Leno took a lot of heat during his first year as “Tonight” host -- because he was someone else hanging out in Carson's space. It wasn't until more than a year after he inherited the show that he figured out why he didn't quite fit. Leno in 1993 took “Tonight” to 30 Rock for a week, to a much smaller studio than he was used to in Burbank, and suddenly it felt like his gig rather than that of his predecessor. Changes were swiftly designed and executed back in Burbank, and Leno settled back in as the new king of late night for more than twenty years.
Fallon had no such bump last night. Everything about his “Tonight” was so completely different from what it had been less than two weeks ago that I doubt thoughts of Jay Leno or Johnny Carson crossed anyone's mind, except when Fallon graciously acknowledged all five of his “Tonight” predecessors (including Conan O’Brien) at the top of the show.
And what a show it was -- sending the message, as clearly as possible, that “Tonight” was now something completely different, although it was returning to its roots in New York City. At no moment was that more dramatically emphasized than when U2 performed at the Top of the Rock with all of lower Manhattan on fantastic sunset display behind the band.
New host, new city, new studio, new band (“Late Night” transplant The Roots): In truth it felt more like a powerful “Late Night” upgrade than a “Tonight” reboot, but the takeaway was the same. This was something totally new. That point was made even in the smallest details: The cavalcade of stars that turned out to pay Fallon the $100 they had lost when they bet against him ever hosting “Tonight” included Joan Rivers, Carson’s first-ever “permanent” guest host who was famously banned from “Tonight” back in 1987 when she launched her ill-fated late-night talk show on the then-new Fox network and so thoroughly pissed off Carson that she was never allowed back -- not even during the 22 years that Leno occupied the throne. I can't wait for Fallon to have her on as a featured guest.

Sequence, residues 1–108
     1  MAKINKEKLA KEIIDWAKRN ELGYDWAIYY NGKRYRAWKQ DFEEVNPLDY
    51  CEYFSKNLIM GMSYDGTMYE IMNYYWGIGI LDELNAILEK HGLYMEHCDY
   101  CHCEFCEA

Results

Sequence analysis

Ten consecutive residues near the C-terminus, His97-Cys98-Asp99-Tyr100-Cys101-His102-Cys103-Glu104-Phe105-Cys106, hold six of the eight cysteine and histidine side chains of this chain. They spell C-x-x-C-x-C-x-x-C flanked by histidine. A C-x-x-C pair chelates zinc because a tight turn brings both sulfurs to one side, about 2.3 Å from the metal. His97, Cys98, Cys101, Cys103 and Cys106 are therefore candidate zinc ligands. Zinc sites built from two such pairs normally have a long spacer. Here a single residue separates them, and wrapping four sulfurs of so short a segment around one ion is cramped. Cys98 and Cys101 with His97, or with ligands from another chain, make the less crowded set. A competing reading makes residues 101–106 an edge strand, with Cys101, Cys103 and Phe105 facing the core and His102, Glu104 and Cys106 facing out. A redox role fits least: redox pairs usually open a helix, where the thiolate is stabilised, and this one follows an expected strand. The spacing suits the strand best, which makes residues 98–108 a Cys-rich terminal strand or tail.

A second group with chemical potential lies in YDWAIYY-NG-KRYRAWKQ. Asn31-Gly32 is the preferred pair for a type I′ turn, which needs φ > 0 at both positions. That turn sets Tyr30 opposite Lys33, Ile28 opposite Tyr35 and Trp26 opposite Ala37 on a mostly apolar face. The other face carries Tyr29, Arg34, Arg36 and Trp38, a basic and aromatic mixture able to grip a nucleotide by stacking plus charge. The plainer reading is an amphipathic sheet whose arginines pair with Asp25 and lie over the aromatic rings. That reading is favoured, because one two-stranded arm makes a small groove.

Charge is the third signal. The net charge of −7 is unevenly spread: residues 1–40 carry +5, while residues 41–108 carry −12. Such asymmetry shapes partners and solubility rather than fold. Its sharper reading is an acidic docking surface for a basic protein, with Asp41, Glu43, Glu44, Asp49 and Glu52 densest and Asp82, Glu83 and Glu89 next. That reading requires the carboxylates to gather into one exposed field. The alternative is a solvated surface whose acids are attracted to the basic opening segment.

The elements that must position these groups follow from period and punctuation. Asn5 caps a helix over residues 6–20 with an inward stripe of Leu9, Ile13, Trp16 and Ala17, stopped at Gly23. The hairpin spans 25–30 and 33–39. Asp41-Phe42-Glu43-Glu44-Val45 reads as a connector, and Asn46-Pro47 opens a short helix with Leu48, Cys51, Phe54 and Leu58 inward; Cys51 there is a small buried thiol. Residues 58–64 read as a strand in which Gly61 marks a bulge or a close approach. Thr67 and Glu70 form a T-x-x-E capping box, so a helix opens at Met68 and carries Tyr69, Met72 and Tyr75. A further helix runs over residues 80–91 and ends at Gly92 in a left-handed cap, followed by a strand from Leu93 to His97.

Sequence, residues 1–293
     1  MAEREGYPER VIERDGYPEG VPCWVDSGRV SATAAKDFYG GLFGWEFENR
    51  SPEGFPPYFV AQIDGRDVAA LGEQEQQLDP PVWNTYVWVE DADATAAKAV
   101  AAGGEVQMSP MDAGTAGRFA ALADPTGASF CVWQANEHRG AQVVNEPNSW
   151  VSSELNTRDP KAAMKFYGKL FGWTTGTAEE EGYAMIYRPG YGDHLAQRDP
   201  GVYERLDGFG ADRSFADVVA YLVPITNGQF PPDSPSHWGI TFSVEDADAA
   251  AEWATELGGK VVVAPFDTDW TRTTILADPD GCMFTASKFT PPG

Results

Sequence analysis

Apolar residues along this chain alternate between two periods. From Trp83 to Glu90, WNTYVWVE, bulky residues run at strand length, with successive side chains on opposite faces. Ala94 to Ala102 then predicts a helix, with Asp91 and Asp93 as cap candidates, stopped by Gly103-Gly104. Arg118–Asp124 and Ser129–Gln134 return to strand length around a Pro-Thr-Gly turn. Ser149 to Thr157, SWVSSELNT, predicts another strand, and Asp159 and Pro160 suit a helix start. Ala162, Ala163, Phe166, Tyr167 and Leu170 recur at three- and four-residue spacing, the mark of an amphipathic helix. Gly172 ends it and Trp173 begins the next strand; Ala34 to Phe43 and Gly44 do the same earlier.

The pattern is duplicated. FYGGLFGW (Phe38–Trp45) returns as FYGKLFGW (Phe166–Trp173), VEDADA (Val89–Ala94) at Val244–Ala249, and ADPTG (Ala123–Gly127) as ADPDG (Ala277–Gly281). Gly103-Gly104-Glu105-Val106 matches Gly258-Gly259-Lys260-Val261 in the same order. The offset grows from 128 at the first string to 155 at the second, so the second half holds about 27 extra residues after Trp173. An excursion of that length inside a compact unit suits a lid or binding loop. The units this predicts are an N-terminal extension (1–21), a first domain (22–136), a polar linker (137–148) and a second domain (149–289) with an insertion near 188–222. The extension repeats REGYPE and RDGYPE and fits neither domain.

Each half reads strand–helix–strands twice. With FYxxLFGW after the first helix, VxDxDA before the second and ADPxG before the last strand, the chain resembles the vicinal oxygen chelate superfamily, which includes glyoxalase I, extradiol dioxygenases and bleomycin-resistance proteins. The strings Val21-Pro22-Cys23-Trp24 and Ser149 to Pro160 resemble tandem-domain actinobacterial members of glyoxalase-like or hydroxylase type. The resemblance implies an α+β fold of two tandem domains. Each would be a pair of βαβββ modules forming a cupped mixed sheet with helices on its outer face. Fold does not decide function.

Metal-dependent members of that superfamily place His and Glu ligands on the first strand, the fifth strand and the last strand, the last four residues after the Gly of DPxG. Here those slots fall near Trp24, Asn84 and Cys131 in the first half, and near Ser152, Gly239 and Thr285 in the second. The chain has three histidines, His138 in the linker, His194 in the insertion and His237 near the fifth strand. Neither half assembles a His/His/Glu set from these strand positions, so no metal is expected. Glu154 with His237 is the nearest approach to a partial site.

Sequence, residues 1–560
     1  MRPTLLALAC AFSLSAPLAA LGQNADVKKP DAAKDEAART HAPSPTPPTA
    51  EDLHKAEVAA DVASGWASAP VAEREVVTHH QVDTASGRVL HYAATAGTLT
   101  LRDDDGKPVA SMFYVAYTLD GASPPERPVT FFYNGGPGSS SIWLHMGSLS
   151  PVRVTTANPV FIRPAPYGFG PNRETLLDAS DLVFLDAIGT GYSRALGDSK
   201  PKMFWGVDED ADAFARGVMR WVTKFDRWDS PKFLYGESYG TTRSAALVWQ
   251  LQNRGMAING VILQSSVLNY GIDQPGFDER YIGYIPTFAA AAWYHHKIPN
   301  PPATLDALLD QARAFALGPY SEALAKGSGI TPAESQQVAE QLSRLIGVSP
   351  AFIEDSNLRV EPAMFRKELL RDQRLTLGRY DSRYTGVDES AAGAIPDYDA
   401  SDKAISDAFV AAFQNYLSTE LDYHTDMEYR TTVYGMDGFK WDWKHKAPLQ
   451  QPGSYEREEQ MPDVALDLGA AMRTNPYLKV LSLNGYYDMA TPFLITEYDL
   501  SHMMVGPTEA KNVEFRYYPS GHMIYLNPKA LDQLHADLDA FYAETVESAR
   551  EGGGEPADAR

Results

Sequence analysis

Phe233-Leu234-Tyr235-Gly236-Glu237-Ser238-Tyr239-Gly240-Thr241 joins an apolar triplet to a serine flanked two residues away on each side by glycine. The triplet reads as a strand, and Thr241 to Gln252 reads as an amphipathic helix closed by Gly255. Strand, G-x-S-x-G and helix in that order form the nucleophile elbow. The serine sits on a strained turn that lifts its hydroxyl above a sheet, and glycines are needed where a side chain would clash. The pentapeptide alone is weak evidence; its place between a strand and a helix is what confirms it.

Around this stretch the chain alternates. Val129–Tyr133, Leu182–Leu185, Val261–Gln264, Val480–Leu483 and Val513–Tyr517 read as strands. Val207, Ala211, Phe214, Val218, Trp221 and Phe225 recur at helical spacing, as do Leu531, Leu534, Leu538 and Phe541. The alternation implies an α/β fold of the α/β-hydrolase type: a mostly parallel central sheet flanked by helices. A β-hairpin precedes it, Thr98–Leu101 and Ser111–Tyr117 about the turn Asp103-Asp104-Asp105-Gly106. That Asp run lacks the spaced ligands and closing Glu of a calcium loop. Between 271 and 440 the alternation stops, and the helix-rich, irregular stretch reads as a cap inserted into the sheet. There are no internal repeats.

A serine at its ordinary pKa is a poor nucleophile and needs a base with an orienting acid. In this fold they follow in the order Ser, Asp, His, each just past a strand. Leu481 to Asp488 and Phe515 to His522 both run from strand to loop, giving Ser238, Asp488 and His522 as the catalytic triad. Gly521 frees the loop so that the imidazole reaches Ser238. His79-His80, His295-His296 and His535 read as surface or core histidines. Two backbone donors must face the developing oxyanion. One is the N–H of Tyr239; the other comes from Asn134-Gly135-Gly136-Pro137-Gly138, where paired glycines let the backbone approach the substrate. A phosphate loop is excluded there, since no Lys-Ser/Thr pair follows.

Equal parts interviewer, comedian, singer and dancer, and a terrific impersonator, Fallon is a strikingly qualified host for a program of this kind -- an endlessly cheerful fellow who always comes off as a fantastically talented, yet genuinely humble ordinary guy with one of the best jobs in the world. It will be fascinating to watch him age in this gig. As he does, he will provide thousands of hours of entertainment to millions of people, many of whom will one day look upon him as their grandparents' “Tonight” show host. That thought should give a few of us a big chill.
If I have one first-impression complaint about the new “Tonight,” it's with the studio itself, which came off on television as thoroughly sterile. Maybe it's the color palette. All those browns and grays and blues -- accented by bright flat lighting – gave it the soul-deadening feel of a corporate conference room. And the backdrop may be the least exciting image of New York City at night that I have ever seen. (Note to executive producer Lorne Michaels: Call in the artists who constructed the dazzling city of Chicago backdrop for the CBS comedy “The Crazy Ones” and have them design a new one.)
The new “Tonight” studio was so cold and uninviting that I had to briefly click over to CBS' “Late Show with David Letterman” and warm up a bit. I never realized how colorful and welcoming Letterman's environment was until I spent some time in Fallon's frosty new home. Interestingly, Dave was talking with Kevin Spacey about the second season of “House of Cards” and how streaming services like Netflix were going to take over all of television. That gave me the chills all over again.